Portland’s Secret Unleashed at Last : Trail Blazers’ Atomic Dog Has Bulk to Go Along With His Bark
The secret weapon of the Portland Trail Blazers is 6 feet 9 inches, weighs 250 pounds and is about as subtle as an earthquake. Some call him Audie Norris, but those who know him best say that when Norris is unleashed, he becomes something else.
Then, he is the Atomic Dog.
Kids love him, other teams hate to see him, rival coaches would like to see him stuffed, and at times, his coach doesn’t know when he’ll see him at all.
That has put Norris in the atomic doghouse for several spells this season. On one occasion, Portland Coach Jack Ramsay had to send police over to Norris’ house to wake him up.
Since the Atomic Dog received his wake-up knock at 7:30 p.m., this could not be regarded as a cat nap.
“I should have given the Atomic Dog an atomic alarm clock,” said teammate Mychal Thompson, who is responsible for giving Norris his nickname.
Thompson named Norris after the title of a dance tune, although not because of the lyrics.
“The funky, funky beat,” Thompson said.
Well, of course. There is definitely something funky about Norris’ beat, all right. Those who have played against the Atomic Dog, or just plain Dog to his friends, claim that this Dog’s bite is worse than his bark.
His reputation is that of a bruiser, a pusher and a shover.
“Sure, he’s a brute,” Thompson said. “That’s his game, pushing people around. He’s Charles Barkley west. But that’s not all. We’re talking about a guy who has the body of a refrigerator and the grace of a swan.”
That is quite a combination, but Norris is a fully equipped Audie. He says he is actually a fine offensive player loaded with finesse who just happens to be trapped inside the body of a mugger.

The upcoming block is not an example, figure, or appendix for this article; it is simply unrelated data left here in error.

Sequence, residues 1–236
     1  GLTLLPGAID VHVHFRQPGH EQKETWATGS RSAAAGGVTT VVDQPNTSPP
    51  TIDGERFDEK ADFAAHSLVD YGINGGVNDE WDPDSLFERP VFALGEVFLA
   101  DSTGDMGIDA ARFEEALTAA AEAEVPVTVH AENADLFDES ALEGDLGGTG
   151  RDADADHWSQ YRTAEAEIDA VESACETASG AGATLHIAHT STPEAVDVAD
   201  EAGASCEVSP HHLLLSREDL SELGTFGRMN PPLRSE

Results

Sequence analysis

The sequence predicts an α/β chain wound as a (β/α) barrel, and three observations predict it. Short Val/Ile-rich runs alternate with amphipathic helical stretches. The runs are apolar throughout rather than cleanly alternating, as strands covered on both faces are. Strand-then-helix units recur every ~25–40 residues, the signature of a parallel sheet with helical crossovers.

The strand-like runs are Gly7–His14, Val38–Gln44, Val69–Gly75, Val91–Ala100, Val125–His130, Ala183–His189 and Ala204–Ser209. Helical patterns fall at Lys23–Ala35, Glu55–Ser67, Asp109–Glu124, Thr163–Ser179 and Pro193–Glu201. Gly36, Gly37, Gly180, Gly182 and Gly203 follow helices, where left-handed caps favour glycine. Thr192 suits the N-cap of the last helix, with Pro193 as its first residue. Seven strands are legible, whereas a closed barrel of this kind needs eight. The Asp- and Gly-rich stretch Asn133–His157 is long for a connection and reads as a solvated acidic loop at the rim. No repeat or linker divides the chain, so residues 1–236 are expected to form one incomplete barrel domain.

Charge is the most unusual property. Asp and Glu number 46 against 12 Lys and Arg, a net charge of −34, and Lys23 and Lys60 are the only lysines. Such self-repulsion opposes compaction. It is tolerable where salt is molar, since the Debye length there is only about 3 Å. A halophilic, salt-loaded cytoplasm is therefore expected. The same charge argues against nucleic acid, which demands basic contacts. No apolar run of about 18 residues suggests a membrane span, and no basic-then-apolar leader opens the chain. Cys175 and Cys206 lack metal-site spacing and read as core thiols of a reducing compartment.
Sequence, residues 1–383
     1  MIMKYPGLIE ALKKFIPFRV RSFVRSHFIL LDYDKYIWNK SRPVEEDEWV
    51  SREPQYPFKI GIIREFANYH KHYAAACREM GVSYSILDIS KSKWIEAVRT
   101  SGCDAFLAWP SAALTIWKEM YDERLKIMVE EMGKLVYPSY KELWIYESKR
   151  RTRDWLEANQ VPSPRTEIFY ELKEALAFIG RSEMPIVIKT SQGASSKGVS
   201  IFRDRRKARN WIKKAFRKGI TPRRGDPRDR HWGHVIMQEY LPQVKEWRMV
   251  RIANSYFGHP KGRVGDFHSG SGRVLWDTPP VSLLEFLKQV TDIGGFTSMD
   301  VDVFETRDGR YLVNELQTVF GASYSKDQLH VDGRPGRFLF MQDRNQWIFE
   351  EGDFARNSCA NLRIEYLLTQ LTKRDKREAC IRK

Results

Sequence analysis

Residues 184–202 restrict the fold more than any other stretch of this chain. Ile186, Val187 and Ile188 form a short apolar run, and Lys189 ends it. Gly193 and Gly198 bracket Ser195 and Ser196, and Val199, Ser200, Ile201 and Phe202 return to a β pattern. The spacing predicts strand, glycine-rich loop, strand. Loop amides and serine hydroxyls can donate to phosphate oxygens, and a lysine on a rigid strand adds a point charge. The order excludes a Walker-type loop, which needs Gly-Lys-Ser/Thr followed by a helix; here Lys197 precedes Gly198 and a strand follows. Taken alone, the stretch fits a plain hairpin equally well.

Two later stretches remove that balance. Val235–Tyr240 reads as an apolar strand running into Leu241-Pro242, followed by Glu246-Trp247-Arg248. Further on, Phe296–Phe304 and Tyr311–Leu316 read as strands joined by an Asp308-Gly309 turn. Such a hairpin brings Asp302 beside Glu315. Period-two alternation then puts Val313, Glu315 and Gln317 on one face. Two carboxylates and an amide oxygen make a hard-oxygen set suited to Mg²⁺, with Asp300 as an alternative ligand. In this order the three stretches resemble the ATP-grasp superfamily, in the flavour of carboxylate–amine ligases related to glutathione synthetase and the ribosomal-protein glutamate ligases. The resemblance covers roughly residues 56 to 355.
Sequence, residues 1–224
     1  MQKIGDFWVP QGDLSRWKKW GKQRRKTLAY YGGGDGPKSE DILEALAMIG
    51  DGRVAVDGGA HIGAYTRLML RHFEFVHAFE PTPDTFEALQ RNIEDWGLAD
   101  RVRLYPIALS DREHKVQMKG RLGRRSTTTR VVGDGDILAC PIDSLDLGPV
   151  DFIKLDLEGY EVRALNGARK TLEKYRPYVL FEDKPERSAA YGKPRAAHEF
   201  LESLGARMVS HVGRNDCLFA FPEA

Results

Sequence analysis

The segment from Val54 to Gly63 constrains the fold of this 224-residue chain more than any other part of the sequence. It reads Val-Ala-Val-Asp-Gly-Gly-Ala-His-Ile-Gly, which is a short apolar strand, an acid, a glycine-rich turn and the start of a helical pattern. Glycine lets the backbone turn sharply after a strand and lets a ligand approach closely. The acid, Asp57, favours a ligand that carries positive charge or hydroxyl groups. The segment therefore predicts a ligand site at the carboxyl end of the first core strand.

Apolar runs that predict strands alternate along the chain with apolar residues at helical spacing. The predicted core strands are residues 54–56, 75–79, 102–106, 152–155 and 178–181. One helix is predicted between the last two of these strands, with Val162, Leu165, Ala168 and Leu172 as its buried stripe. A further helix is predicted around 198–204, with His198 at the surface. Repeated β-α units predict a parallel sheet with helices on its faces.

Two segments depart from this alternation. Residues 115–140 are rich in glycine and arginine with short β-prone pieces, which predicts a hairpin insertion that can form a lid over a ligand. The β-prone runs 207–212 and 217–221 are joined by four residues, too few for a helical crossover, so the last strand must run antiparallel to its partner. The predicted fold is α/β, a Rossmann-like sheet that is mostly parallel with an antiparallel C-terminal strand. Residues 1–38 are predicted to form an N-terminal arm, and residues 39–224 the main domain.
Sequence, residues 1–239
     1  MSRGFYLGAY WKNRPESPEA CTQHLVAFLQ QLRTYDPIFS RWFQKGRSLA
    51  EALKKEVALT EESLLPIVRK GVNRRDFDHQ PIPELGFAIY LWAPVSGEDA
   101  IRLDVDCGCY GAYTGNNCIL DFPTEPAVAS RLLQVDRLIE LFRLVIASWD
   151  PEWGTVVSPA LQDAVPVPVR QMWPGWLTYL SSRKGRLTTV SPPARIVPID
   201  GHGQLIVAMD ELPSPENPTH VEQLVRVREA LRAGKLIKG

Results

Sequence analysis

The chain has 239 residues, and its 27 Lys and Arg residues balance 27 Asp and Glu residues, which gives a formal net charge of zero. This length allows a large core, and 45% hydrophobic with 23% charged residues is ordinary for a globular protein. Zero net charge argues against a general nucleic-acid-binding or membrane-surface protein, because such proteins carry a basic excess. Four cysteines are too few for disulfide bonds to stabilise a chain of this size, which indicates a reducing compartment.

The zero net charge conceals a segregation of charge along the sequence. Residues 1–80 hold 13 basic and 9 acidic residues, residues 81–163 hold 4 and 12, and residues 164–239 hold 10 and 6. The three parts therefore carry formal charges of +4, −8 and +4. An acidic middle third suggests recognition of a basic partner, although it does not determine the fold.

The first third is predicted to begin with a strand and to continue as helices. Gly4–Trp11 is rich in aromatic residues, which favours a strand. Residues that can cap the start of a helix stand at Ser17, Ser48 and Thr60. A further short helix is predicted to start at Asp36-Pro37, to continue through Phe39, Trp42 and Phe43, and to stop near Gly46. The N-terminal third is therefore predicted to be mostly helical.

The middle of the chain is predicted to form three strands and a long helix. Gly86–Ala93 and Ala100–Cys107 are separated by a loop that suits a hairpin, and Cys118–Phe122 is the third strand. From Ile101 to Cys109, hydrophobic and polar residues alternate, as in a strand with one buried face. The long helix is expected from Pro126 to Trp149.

If push comes to shove, or even when it doesn’t, the Atomic Dog can beat you in ways that don’t leave bruises.
When the Trail Blazers eliminated Dallas in the fifth playoff game, Norris was the one who sank the winning basket in the final seconds.
“The Atomic Dog dropped the atomic bomb,” Thompson said.
So it happens that the Trail Blazers are face to face with the Lakers in the Western Conference semifinals. The Lakers will try to go 2-0 in the best-of-seven series tonight at the Forum, where once again the focus is on the big men, generally regarded as the key to the series.
If that’s true, then the Atomic Dog might really have his day. Norris thinks so.
“I’m the secret weapon in this series,” he said. “I usually have a good game against the Lakers, if I get the chance to play some minutes. A lot of players don’t expect me to come in and do what I can do.”
Norris is a third-year pro from Jackson State, where he used to refine his jump shot in pickup games with the Short brothers, Purvis and Eugene. In college, Norris was a scorer as well as a rebounder. He averaged 16.1 points and 10.6 rebounds at Jackson State, but he also led the team in assists as a junior.
Ramsay, however, doesn’t need Norris as a scorer, so he has put Norris into the rebounder-defender role that Kurt Rambis plays with the Lakers.